Constitution Sunday: “Publius,” The Federalist XLIV [James Madison] Part I

New-York Packet

January 25, 1788

In a country comprised of states, there is bound to be overlap between what those states’ governments may do and what the federal government may do. But the draft Constitution clarified those boundaries and identified many of the rights that states have and don’t have. Crucially, the Constitution sets limits for what states may do to hinder their economies and to prosecute criminal behavior.

Article I, Section 10, Clause 1 of the Constitution states: “No state shall enter into any Treaty, Alliance, or Confederation; grant Letters of Marque and Reprisal, coin Money; emit Bills of Credit; make any Thing but gold and silver Coin a Tender in Payment of Debts; pass any Bill of Attainder; ex post facto Law; or Law impairing the Obligation of Contracts, or grant any Title of Nobility.”

Bills of attainder and ex post facto laws are creatures from the past—more specifically, from legislatures of the past. Bills of attainder came from legislatures declaring that a person is guilty—not charged, not indicted—of a crime without a trial and without judge or jury. With a legislature capable of issuing such a bill, and with legislatures subject to influencing and bribery, there could be little faith in a fair system of justice. Similarly, ex post facto laws—ones that retroactively make conduct criminal and punishable—serve only to undermine faith in the system. Then, in addition to protecting against legislatures supplanting criminal laws, this clause of the Constitution prohibits those state laws that impair the enforceability and potential for free contracts as those laws—while perhaps well-meaning—end up doing more harm than good.

James Madison, in this Federalist paper, recognized that bad policy for the country is not only easy to find but dangerous, and he wrote that the “sober people of America are weary of the fluctuating policy” throughout the country as it had caused “sudden changes and legislative interference in cases affecting personal rights.” The legislation had given jobs to speculators but ensnared the “more industrious and less informed part of the community.” Poorly conceived laws would harm all people but especially those most vulnerable. What was needed was “some thorough reform” that would “banish speculations on public measures, inspire a general prudence and industry, and give a regular course to the business of society.” Limiting states’ rights to preserve the broader economy—and the chance for people to earn a fair, decent living—was necessary.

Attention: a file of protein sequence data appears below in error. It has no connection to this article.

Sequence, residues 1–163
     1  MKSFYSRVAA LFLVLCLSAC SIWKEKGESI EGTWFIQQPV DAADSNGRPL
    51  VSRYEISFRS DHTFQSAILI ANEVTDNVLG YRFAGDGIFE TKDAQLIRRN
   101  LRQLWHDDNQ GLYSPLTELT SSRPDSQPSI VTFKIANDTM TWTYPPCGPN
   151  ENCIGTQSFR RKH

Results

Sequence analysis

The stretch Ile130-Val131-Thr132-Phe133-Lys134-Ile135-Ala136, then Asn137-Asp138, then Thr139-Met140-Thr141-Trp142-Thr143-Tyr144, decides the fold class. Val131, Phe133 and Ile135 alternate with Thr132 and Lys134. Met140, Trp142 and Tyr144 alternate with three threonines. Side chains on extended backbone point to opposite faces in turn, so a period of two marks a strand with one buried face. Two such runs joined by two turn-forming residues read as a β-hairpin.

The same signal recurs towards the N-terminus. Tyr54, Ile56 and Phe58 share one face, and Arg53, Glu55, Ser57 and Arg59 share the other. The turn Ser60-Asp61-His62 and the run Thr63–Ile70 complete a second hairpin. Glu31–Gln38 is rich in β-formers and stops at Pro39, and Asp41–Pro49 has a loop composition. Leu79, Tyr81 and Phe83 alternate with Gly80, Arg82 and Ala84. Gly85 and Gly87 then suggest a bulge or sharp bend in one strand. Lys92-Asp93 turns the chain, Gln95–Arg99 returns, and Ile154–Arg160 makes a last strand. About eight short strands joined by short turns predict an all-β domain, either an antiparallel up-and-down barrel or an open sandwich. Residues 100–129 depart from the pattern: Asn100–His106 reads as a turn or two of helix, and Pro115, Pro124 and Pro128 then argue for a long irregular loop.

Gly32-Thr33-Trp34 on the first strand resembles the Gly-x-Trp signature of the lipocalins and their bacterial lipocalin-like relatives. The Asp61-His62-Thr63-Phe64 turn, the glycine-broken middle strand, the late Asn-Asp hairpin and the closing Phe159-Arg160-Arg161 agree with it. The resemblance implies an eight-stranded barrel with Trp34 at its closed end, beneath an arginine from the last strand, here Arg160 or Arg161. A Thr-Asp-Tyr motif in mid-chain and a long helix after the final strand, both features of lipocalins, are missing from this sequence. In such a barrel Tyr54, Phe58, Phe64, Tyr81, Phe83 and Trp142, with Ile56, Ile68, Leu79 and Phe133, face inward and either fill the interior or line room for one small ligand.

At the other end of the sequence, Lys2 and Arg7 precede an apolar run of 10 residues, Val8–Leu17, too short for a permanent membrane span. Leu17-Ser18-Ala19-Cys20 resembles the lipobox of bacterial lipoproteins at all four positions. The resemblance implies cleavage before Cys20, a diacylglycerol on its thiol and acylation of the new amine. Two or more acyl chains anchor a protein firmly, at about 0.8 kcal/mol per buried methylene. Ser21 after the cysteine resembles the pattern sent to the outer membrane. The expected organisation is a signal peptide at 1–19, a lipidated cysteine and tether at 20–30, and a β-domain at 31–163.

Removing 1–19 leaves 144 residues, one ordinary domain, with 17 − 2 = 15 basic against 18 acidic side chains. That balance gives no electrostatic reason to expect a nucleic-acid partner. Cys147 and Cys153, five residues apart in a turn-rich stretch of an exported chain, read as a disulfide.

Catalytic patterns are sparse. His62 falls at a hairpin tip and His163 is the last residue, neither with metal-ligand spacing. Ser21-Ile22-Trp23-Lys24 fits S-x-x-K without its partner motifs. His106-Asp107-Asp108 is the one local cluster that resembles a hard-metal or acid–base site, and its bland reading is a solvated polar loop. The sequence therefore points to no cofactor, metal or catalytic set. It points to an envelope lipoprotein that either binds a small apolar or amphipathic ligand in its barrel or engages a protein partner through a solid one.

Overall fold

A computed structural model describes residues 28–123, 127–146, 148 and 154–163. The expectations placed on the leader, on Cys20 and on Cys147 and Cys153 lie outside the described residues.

What wasn’t necessary was having to explain why the last portion of this clause of the Constitution was needed: everyone, after the history with England, knew that the government—with its primary objective of making people more equal and prosperous—had no business in doling out titles of nobility and giving people, by virtue of their blood and nothing more, a higher status or class in society.

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